We clearly need an agenda for action to address these challenges and let me propose some of its possible components. First, policy makers have a duty to build capable states with the clear purpose of not only expanding economic opportunities but also effectively and efficiently delivering basic services to citizens. This means every Kenyan shilling spent on education, health and other basic services must deliver commensurate value.
Growth is best sustained by creating policy predictability as well as a political and investment climate that encourages investors to make long-term commitments, even across election cycles. These investments must be targeted at improving the human skills base of Kenya as well as providing the basic infrastructure that citizens need to thrive. Leaders must clearly communicate in word and deed that public probity will be rewarded and impunity or misuse of office, predictably, will be sanctioned.
We must focus on developing micro, small and medium enterprises as a credible springboard from which to canvas for Foreign Direct Investment. International investors follow the lead of local entrepreneurs. In Kenya, as much as 20% of the value of sales is lost due to crime, insecurity, power outages, bribes and inadequate transport. These costs are higher than in other East African countries, and 6 times the comparable cost in South Africa.
In addition, it is the duty of policy makers to modernize the curriculum, sponsor programs to assess and re-equip youth, so they have the skills the market will be looking for tomorrow. They must also aim for expansion of tertiary and university education, explore public private partnerships, and take advantage of technology to innovate and expand education beyond their walls.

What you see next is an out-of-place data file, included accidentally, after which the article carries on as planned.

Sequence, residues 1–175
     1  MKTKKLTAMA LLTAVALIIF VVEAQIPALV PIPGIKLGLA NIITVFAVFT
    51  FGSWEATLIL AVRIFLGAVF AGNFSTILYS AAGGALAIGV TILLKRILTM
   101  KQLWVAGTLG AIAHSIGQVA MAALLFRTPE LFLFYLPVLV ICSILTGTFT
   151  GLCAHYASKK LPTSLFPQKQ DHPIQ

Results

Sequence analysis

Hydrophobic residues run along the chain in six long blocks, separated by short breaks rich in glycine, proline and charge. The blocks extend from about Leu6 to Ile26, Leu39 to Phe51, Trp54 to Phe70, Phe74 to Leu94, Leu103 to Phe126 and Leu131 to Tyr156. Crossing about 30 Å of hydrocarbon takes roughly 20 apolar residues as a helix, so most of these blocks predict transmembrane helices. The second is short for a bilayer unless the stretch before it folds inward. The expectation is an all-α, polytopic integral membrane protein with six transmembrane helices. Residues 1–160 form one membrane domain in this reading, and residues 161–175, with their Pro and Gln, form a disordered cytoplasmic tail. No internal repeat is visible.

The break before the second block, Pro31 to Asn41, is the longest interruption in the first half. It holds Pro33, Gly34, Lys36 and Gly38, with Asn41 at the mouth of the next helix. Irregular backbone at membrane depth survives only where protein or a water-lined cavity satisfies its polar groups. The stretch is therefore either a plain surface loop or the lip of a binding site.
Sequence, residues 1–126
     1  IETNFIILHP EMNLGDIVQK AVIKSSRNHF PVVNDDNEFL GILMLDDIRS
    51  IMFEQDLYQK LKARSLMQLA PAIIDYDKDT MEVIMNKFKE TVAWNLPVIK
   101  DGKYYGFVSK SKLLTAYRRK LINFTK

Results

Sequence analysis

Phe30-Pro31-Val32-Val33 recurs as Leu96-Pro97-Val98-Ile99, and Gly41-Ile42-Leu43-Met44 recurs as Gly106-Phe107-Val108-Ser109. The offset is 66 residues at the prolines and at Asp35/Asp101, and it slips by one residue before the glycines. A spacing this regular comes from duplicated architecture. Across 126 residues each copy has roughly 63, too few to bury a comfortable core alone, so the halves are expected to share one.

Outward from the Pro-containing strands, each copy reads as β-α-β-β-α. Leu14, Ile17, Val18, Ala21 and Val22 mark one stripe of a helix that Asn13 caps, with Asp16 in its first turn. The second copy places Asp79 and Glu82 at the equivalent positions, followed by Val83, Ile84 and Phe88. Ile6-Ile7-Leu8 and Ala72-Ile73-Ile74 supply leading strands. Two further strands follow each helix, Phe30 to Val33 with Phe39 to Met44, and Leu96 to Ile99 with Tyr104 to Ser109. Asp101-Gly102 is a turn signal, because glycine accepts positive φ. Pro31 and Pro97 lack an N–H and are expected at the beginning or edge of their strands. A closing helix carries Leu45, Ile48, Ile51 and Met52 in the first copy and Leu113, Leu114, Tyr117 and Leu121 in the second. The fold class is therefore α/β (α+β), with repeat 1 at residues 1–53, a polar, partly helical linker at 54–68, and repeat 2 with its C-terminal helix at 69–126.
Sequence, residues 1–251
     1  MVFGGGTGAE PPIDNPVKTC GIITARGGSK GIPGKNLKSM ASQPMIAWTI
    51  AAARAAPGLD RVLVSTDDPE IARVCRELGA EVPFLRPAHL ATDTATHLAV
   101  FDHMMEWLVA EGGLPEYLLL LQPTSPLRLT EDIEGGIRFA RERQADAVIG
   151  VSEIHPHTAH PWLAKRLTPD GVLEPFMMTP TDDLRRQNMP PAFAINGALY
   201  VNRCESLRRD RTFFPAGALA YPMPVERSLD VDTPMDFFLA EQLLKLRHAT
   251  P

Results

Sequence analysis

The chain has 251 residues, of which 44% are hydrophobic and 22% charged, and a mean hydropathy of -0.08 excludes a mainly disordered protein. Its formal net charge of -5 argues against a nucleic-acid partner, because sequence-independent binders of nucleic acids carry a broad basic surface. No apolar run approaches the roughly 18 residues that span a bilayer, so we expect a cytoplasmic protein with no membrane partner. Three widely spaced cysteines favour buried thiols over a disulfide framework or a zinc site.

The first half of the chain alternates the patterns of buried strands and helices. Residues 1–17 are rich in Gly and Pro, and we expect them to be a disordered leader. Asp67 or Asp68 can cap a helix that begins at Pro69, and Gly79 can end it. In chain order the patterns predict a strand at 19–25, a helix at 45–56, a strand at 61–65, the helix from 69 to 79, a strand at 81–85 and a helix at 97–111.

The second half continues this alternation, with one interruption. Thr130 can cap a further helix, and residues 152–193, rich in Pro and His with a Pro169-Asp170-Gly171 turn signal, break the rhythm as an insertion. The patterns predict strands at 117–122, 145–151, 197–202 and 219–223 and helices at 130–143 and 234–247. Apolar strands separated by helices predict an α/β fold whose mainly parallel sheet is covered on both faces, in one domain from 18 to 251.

The foundation of all of this is the commitment of government to build consensus on how to tackle what I have been told are the two chief enemies facing the country’s development: poverty and corruption. In this regard, the ongoing discussions under “Agenda IV” of the Kenya National Dialogue and Reconciliation Framework that looks at long-term issues including national cohesion, land and institutional reform, a new constitution, and youth unemployment, provides a veritable platform for building this common understanding.
While there are challenges, Kenya also has proven potentials. It has a dynamic private sector, a vibrant civil society; it is making its mark on the global stage in mobile technology innovation and it is strong in the service sector. The ingredients for a rebound are in place. But success will also require managing the risks and establishing strong systems of social accountability.
Second, our communities must get involved. Our schools and colleges are fertile soils: we can choose to sow the seeds of our future success or let them become swamps of neglect. We all need to be part of the solution; this is not just the government’s problem; if we bury our heads in the sand, it will soon become our problem.